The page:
Previous popes – both John Paul II and Benedict XVI – referred to the environment and climate change in various communications, and committed the Vatican City to being carbon neutral, but this will be the first time a pope will have dedicated an entire encyclical to it.
The forthcoming encyclical could be compared with the first major encyclical on Catholic social teaching, Rerum Novarum, issued by Pope Leo XIII in 1891. Faced with the emerging labour union movement, Leo’s encyclical provided both encouragement for, and an endorsement of Catholic engagement with, unions. It provided a moral legitimation for unions as a response to the widespread exploitation of labour in the workplace.
So too the promised encyclical on the environment will provide both encouragement for, and a call to Catholics to engage with, the environmental movement. It will throw the moral authority of the Catholic Church behind the movement and commit the church to ongoing contributions to the environmental debate. Continue reading
“Our academics supported the pope’s initiative to influence next year’s crucial decisions,” Sorondo told Cafod, the Catholic development agency, at a meeting in London. “The idea is to convene a meeting with leaders of the main religions to make all people aware of the state of our climate and the tragedy of social exclusion.”
Following a visit in March to Tacloban, the Philippine city devastated in 2012 by typhoon Haiyan, the pope will publish a rare encyclical on climate change and human ecology. Urging all Catholics to take action on moral and scientific grounds, the document will be sent to the world’s 5,000 Catholic bishops and 400,000 priests, who will distribute it to parishioners.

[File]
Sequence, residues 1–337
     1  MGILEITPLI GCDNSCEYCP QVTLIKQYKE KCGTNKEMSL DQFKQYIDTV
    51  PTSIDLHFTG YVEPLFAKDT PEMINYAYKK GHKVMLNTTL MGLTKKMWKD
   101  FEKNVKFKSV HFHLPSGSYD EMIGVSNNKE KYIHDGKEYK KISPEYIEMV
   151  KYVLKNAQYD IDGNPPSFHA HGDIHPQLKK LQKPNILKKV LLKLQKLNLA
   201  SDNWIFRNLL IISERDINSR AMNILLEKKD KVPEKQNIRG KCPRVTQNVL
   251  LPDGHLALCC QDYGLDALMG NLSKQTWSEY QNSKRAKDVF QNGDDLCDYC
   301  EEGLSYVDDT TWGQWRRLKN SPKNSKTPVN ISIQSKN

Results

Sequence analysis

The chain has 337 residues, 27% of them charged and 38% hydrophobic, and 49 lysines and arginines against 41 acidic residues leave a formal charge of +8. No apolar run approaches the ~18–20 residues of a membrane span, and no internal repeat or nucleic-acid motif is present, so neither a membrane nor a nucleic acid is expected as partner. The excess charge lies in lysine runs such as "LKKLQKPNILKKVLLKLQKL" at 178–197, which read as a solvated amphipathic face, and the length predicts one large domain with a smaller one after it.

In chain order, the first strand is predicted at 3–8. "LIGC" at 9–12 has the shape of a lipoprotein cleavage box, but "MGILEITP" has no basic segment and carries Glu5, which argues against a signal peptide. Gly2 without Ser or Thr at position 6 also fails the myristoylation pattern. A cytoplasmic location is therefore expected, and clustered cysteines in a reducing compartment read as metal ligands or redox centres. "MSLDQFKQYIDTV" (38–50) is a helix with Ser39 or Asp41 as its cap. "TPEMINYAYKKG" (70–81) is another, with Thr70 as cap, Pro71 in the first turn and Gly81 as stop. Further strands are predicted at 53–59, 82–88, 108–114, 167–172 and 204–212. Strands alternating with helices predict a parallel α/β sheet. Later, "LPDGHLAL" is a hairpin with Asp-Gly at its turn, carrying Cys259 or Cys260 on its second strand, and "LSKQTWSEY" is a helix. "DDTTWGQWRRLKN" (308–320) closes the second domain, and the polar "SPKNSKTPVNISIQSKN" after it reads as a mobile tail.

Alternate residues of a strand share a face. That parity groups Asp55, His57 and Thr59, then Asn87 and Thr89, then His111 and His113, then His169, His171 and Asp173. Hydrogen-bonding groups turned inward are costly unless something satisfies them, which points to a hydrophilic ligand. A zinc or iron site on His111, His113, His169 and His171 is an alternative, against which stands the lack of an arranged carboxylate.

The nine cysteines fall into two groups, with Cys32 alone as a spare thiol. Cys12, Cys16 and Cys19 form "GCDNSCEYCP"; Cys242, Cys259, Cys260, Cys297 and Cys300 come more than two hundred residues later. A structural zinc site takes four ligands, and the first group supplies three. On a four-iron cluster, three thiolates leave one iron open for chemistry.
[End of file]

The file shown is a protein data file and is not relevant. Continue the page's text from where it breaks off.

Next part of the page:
According to Vatican insiders, Francis will meet other faith leaders and lobby politicians at the general assembly in New York in September, when countries will sign up to new anti-poverty and environmental goals………..
According to Neil Thorns, head of advocacy at Cafod, said: “The anticipation around Pope Francis’s forthcoming encyclical is unprecedented. We have seen thousands of our supporters commit to making sure their MPs know climate change is affecting the poorest communities.”
However, Francis’s environmental radicalism is likely to attract resistance from Vatican conservatives and in rightwing church circles, particularly in the US – where Catholic climate sceptics also include John Boehner, Republican leader of the House of Representatives and Rick Santorum, the former Republican presidential candidate.
Cardinal George Pell, a former archbishop of Sydney who has been placed in charge of the Vatican’s budget, is a climate change sceptic who has been criticised for claiming that global warming has ceased and that if carbon dioxide in the atmosphere were doubled, then “plants would love it”………
Francis will also be opposed by the powerful US evangelical movement, said Calvin Beisner, spokesman for the conservative Cornwall Alliance for the Stewardship of Creation, which has declared the US environmental movement to be “un-biblical” and a false religion……..http://www.theguardian.com/world/2014/dec/27/pope-francis-edict-climate-change-us-rightwing?CMP=share_btn_tw